The Woodrow Wilson Center Press
Regime Change examines the contrasting precedents set with Iraq and Libya and provides incisive analysis of the pressing crises with North Korea and Iran. A successor to the author's influential Rogue States and U.S. Foreign Policy (2000), this compelling book clarifies and critiques the terms in which today's vital foreign policy and security debate is being conducted.
Diplomacy on the Edge: Containment of Ethnic Conflict and the Minorities Working Group of the Conferences on YugoslaviaAuthor(s)
With ongoing war crimes trials, the yet unsettled status of Kosovo, and the odd assortment of new states struggling to create, reorder, and maintain political institutions, economies, and societies, the countries of the former Yugoslavia continue to challenge not only themselves but also the international community. Diplomacy on the Edge tells about the international efforts to mediate the political, economic, and social climate of these countries in 1991–2004 when some of the struggles were deadly.
An examination of post-Soviet society through ethnic, religious, and linguistic criteria, this volume turns what is typically anthropological subject matter into the basis of politics, sociology, and history.
Toward a Society under Law covers issues of crime and police in Latin America, with chapters on the impact of community policing, the role of advocacy networks, urban social policies and crime, and the cost of crime. It also includes case studies of police reform, community policing, Argentina's national plan for crime prevention, and crime in Mexico City
Reins of Liberation: An Entangled History of Mongolian Independence, Chinese Territoriality, and Great Power Hegemony, 1911-1950Author(s)
The author's purpose in writing this book is to use the Mongolian question to illuminate much larger issues of twentieth-century Asian history: how war, revolution, and great-power rivalries induced or restrained the formation of nationhood and territoriality. He thus continues the argument he made in Frontier Passages that on its way to building a communist state, the CCP was confronted by a series of fundamental issues pertinent to China's transition to nation-statehood.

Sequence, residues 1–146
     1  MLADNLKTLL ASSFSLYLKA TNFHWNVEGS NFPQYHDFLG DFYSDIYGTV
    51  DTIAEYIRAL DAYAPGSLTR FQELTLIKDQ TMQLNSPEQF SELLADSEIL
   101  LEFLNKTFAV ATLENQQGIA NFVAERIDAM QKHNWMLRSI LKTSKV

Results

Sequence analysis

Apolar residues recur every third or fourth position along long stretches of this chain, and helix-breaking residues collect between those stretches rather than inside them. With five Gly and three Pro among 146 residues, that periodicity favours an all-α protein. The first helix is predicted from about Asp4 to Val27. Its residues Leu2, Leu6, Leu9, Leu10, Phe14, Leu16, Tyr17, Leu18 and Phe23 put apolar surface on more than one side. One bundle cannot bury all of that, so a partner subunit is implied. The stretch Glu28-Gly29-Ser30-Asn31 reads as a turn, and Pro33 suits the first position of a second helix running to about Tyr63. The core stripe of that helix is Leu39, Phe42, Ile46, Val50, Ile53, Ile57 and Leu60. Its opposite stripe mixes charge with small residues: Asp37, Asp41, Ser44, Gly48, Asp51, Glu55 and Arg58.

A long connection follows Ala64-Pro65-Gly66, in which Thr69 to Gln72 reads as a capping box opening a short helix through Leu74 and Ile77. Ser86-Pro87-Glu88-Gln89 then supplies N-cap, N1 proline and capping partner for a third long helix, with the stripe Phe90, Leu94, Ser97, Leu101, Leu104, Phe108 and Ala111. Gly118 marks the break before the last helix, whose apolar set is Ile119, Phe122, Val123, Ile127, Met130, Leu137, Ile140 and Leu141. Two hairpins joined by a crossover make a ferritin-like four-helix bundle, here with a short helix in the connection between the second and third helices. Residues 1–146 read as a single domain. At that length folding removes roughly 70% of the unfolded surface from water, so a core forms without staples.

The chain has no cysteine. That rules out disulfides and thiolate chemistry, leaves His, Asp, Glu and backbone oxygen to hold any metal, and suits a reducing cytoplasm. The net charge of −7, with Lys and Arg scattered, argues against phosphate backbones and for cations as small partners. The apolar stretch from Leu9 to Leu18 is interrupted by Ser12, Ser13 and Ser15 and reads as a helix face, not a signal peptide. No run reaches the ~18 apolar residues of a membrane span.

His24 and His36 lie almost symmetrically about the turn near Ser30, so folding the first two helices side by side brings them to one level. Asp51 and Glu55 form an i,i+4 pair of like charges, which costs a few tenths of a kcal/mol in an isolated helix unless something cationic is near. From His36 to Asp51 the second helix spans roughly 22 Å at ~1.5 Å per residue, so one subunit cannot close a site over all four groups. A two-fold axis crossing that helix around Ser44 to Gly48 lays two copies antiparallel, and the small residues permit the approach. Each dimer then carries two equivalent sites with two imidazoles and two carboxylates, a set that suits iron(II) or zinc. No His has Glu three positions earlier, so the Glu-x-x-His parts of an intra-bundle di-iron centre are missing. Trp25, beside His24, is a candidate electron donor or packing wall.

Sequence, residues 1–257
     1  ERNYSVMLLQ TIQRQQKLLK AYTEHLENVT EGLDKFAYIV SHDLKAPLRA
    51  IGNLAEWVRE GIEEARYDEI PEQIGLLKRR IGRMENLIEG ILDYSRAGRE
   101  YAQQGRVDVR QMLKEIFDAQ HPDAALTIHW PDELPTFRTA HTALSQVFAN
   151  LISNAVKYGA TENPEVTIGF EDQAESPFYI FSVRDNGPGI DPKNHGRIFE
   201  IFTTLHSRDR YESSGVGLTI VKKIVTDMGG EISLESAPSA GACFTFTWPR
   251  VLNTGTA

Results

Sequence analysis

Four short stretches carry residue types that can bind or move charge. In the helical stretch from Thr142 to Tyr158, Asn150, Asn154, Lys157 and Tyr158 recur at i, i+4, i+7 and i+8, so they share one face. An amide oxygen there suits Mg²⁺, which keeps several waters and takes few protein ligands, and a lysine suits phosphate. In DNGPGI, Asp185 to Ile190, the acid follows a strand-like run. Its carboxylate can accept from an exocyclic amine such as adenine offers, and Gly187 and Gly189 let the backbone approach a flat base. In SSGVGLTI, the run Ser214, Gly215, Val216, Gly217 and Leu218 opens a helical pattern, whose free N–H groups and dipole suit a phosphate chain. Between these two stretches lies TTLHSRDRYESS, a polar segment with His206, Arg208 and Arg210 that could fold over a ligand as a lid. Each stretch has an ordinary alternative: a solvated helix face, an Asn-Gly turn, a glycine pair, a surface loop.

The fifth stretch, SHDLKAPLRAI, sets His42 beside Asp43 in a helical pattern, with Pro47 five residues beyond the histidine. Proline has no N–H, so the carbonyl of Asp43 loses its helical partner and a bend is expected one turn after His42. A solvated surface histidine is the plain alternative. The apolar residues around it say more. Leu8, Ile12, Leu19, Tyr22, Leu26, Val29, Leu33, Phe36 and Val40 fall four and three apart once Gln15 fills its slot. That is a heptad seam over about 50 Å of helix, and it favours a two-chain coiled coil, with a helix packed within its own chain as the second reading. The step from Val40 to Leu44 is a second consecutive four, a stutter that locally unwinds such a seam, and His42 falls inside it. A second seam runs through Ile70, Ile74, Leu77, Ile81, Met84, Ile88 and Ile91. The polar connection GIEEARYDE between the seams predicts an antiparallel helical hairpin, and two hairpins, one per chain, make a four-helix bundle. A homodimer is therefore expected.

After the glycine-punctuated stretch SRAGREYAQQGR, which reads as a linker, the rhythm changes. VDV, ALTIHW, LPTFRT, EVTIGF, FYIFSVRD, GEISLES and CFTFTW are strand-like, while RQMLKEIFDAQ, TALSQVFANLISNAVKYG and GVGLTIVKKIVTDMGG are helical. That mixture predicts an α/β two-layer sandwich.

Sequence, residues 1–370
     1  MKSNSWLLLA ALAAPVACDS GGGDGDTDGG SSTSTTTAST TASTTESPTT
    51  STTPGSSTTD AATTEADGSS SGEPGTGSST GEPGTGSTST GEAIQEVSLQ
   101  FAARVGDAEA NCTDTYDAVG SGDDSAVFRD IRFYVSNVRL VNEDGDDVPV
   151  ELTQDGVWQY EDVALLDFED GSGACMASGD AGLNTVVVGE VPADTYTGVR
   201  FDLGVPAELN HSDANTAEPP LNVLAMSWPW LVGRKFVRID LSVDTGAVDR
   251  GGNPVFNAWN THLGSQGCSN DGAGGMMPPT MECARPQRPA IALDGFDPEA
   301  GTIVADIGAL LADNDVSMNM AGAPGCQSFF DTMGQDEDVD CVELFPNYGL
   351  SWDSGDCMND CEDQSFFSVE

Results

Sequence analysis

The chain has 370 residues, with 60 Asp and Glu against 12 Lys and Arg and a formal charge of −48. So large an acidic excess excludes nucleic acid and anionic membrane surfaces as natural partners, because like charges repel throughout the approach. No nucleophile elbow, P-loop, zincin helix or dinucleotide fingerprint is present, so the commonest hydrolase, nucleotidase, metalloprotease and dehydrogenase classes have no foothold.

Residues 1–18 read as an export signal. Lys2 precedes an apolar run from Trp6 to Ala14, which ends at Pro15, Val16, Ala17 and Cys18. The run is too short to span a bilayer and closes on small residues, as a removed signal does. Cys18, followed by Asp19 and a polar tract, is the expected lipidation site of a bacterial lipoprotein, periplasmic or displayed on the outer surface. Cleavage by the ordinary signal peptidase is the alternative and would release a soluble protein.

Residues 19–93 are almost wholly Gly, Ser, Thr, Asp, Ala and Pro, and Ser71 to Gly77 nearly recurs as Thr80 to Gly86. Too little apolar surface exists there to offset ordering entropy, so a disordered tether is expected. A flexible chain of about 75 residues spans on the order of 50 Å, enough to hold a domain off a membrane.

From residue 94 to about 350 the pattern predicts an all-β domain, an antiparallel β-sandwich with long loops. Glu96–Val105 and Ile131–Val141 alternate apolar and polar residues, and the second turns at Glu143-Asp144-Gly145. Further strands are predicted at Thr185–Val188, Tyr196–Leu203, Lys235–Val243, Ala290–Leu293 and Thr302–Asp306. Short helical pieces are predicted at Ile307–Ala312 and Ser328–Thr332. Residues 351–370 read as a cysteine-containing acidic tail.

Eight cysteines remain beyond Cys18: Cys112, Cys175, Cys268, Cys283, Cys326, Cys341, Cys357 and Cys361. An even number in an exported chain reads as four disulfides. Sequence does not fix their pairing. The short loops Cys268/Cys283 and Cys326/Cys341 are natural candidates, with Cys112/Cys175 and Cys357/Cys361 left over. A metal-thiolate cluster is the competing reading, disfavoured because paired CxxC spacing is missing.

Behind the Bamboo Curtain: China, Vietnam, and the Cold War
Cold War International History Project Series
Based on new archival research in many countries, this volume broadens the context of the U.S. intervention in Vietnam.
This thematic history of Yugoslavia in the 20th century demonstrates that the instability of the three 20th-century Yugoslav states—the interwar kingdom (1918-41), socialist Yugoslavia (1945-91), and the rump Yugoslav state created in 1992, consisting of Serbia and Montenegro—can be attributed to the failure of succeeding governments to establish the rule of law and political legitimacy.
A book launch event with the author was held Wednesday, June 28, 2006, at the Wilson Center.
This lively and insightful account reveals the profound ways in which everyday acts and artifacts of consumer civilization shape our sense of self.
Failed Illusions: Moscow, Washington, Budapest, and the 1956 Hungarian Revolt
Winner of the 2007 Marshall Shulman Book Prize, awarded by the American Association for the Advancement of Slavic Studies
The 1956 Hungarian revolution, and its suppression by the U.S.S.R., was a key event in the Cold War, demonstrating deep dissatisfaction with both the communist system and old-fashioned Soviet imperialism. But now, fifty years later, the simplicity of this David and Goliath story should be revisited, according to Charles Gati's new history of the revolt.
Based on ten years' research in the United States, China, and Japan, this book argues that the relationship between China and Japan is politically now dispute-prone, cyclical, and downward-trending but manageable; militarily uncertain; economically integrating; psychologically closer in people-to-people contact yet more distant.